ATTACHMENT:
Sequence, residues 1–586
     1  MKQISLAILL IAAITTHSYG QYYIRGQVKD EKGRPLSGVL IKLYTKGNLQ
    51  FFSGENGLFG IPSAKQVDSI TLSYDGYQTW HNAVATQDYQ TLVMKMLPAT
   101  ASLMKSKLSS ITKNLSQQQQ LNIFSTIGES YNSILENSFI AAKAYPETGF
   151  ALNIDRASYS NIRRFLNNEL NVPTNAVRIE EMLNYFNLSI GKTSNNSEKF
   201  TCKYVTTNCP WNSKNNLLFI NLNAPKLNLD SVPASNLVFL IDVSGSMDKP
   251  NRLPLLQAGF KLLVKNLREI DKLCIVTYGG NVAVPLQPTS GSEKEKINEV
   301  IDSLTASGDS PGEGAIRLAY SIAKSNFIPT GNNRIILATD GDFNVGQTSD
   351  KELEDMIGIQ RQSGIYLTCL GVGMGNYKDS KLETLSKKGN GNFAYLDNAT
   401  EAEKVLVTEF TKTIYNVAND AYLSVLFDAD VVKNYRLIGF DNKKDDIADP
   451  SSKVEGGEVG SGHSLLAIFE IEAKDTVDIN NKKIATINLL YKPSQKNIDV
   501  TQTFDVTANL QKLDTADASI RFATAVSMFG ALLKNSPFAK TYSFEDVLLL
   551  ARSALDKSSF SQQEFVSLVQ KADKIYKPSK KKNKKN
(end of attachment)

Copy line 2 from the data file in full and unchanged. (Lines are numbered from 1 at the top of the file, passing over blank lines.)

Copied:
     1  MKQISLAILL IAAITTHSYG QYYIRGQVKD EKGRPLSGVL IKLYTKGNLQ